Because when I’m working with a client, I’m not just talking about what’s happening on their website.  It encompasses their business as a whole and marketing whether it’s online or offline relates to their business.  It’s just that we’re using the website as kind of a centre point and collecting data about it to understand more about both the website but the customer and the business on and off line.

Philip:  Interesting.  Excellent, well let’s get into the topic for today.  We’re going to talk about the new interface that’s not so new at the moment I guess depending -some of us may have just started using it, some may have been using it for a while but yeah, let’s call it the new interface and you’re very passionate about it, I’ve heard you speak about it a couple of times on what your thoughts are.

We’re just going to go through that and give people a sense of what’s new, what’s good, what’s bad and a couple of tips.  So what’s your high level view? How happy are you with this new interface?

Caleb:  At this point, I’m very happy with it.  It’s been a while coming though.  I was able to use it a bit before it was out publically and thought it was interesting and then it came out and they had made some improvements in it, continued to be improved.

A year ago, they released it at the GAUGE conference last year in San Francisco.  And, at that point, I didn’t use it as the primary interface.  I didn’t start using it primarily until about August of last year, 2011.  So it’s moved along but it’s now at a point where once in a while, I go to the old interface and I feel like I am – like I have mittens on my hands and I can’t really use GA as quickly as I’m now used to having been immersed in the new interface.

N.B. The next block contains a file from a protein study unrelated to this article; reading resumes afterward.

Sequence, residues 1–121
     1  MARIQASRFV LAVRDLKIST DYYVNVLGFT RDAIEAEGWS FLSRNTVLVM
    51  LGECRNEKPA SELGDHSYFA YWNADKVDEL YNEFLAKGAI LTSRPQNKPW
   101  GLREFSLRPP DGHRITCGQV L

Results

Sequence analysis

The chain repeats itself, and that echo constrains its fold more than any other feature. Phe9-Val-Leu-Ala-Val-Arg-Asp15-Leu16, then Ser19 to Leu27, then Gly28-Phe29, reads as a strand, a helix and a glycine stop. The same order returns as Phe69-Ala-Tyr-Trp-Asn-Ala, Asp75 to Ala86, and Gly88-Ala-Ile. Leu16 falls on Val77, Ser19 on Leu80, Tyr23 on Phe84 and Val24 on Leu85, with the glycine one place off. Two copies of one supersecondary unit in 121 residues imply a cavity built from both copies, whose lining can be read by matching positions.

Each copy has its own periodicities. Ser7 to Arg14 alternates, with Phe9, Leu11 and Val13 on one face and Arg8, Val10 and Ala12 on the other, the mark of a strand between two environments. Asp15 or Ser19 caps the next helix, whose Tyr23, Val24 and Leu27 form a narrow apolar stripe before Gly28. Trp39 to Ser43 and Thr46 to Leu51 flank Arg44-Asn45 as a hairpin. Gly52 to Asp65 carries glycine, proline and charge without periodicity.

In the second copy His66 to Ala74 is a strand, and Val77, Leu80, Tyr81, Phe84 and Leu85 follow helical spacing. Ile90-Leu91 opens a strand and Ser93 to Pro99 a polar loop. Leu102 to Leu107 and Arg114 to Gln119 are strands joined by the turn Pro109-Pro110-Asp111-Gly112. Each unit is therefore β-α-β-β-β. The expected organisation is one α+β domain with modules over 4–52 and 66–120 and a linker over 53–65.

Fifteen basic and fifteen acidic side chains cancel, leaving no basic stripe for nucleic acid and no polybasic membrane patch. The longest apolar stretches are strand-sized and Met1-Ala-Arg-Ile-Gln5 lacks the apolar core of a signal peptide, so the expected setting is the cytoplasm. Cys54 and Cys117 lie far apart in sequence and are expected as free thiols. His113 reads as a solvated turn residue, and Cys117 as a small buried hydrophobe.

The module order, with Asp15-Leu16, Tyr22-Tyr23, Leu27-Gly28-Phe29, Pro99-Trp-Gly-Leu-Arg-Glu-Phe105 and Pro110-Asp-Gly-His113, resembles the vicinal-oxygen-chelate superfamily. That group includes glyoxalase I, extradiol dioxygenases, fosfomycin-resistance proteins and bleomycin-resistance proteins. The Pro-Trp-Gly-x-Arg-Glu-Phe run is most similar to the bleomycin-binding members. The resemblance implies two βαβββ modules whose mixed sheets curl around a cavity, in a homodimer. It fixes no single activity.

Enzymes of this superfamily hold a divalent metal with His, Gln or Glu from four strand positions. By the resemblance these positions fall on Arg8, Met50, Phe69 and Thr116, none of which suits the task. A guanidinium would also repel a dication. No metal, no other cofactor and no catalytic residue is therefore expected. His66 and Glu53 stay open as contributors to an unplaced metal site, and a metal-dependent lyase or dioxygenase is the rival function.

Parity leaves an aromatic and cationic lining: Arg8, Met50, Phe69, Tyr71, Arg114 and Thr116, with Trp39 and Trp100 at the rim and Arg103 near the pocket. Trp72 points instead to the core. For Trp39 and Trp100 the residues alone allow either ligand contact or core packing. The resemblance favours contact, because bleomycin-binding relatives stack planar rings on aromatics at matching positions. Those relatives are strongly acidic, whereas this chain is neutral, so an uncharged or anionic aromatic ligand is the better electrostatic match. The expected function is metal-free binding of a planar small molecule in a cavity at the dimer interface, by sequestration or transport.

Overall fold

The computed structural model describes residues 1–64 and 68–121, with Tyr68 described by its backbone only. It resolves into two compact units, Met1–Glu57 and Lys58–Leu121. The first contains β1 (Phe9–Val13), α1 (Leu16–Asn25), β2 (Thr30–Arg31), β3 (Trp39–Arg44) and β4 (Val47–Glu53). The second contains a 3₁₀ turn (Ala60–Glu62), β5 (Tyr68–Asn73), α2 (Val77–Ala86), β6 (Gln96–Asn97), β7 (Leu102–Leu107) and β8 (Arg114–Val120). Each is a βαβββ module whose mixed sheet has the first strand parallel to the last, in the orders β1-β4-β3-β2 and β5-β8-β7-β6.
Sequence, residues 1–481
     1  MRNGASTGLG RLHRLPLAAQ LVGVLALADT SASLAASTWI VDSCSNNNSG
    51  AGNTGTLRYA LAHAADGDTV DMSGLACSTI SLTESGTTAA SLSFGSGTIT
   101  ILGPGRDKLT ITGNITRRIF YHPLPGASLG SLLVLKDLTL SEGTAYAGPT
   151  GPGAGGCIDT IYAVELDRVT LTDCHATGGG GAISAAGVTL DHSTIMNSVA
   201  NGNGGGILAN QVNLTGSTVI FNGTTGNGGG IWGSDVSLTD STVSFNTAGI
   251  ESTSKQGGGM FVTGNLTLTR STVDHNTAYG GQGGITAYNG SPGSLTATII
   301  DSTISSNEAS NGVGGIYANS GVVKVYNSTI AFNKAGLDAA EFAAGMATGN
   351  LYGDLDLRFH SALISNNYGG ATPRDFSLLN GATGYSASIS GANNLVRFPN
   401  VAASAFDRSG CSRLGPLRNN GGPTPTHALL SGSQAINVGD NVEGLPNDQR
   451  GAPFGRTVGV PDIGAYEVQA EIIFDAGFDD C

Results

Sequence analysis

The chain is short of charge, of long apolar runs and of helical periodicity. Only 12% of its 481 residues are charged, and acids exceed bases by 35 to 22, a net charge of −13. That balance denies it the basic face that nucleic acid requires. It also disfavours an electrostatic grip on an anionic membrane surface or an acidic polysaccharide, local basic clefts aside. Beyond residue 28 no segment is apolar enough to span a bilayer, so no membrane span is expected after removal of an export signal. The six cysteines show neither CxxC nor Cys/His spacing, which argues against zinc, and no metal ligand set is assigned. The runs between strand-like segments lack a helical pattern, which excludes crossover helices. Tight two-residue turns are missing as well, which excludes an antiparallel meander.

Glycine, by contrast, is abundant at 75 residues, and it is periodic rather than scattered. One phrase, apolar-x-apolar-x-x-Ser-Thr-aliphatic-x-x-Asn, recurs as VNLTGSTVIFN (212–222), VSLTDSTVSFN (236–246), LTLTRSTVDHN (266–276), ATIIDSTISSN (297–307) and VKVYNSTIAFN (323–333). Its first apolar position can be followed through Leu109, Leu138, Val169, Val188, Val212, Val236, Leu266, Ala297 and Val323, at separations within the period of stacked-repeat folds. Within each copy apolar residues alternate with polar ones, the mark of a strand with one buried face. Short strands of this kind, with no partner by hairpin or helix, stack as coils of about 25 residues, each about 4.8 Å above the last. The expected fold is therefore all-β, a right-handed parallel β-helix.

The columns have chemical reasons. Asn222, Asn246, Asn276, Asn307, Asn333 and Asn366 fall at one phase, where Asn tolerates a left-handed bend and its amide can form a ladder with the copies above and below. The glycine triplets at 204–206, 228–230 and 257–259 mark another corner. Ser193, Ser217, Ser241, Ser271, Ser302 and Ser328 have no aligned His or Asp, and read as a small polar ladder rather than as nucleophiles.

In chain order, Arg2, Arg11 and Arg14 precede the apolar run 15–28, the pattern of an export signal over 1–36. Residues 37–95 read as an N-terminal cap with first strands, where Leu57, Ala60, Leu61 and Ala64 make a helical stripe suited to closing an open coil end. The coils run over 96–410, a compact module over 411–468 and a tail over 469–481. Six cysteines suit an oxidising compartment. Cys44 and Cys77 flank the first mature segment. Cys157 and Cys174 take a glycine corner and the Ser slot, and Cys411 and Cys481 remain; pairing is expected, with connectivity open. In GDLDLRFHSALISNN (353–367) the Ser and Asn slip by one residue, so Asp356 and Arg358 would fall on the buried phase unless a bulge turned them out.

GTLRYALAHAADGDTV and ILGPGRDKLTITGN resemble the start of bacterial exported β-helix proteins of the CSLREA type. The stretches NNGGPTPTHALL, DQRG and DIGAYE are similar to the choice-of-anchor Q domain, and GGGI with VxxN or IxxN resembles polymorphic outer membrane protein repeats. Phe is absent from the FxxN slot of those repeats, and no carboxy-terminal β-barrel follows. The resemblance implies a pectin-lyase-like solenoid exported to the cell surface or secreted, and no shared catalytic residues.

So I’ve come to love it but it definitely – if you’re still using the old interface, it’s a learning curve because some things have changed.

Philip:  Yeah absolutely, so let’s talk about a couple of those things.  Yeah, I think I had a similar feeling when I started looking at it.  You just – I guess like anything in life, when you experience change, it’s a little bit of a shift and you may not adjust to it.  Initially it does take a little bit of time.  What are the key things, just give us the very high level – what are the fundamental differences?

Caleb: Well, high level fundamental is almost a challenge because the new version really is almost – paradigm maybe isn’t the right term but platform change is absolutely right.

So this has been a major effort for the team at Google.  Something they talked about when they released the product is that this gives them a platform on which they are able to innovate and build much more with Google Analytics.